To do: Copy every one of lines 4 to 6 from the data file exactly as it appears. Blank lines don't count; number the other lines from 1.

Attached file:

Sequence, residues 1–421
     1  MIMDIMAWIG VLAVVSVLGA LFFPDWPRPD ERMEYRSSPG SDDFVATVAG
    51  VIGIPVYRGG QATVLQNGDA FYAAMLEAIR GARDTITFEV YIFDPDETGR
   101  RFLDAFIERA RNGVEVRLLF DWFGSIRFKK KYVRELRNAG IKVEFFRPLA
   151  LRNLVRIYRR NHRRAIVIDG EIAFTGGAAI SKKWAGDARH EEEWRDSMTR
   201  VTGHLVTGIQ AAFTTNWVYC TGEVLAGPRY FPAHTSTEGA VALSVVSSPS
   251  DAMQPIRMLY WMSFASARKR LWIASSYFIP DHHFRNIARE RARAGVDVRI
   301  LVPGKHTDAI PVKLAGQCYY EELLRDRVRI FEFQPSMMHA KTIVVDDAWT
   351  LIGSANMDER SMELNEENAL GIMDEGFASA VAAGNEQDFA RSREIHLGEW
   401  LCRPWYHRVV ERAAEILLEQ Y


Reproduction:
   101  RFLDAFIERA RNGVEVRLLF DWFGSIRFKK KYVRELRNAG IKVEFFRPLA
   151  LRNLVRIYRR NHRRAIVIDG EIAFTGGAAI SKKWAGDARH EEEWRDSMTR
   201  VTGHLVTGIQ AAFTTNWVYC TGEVLAGPRY FPAHTSTEGA VALSVVSSPS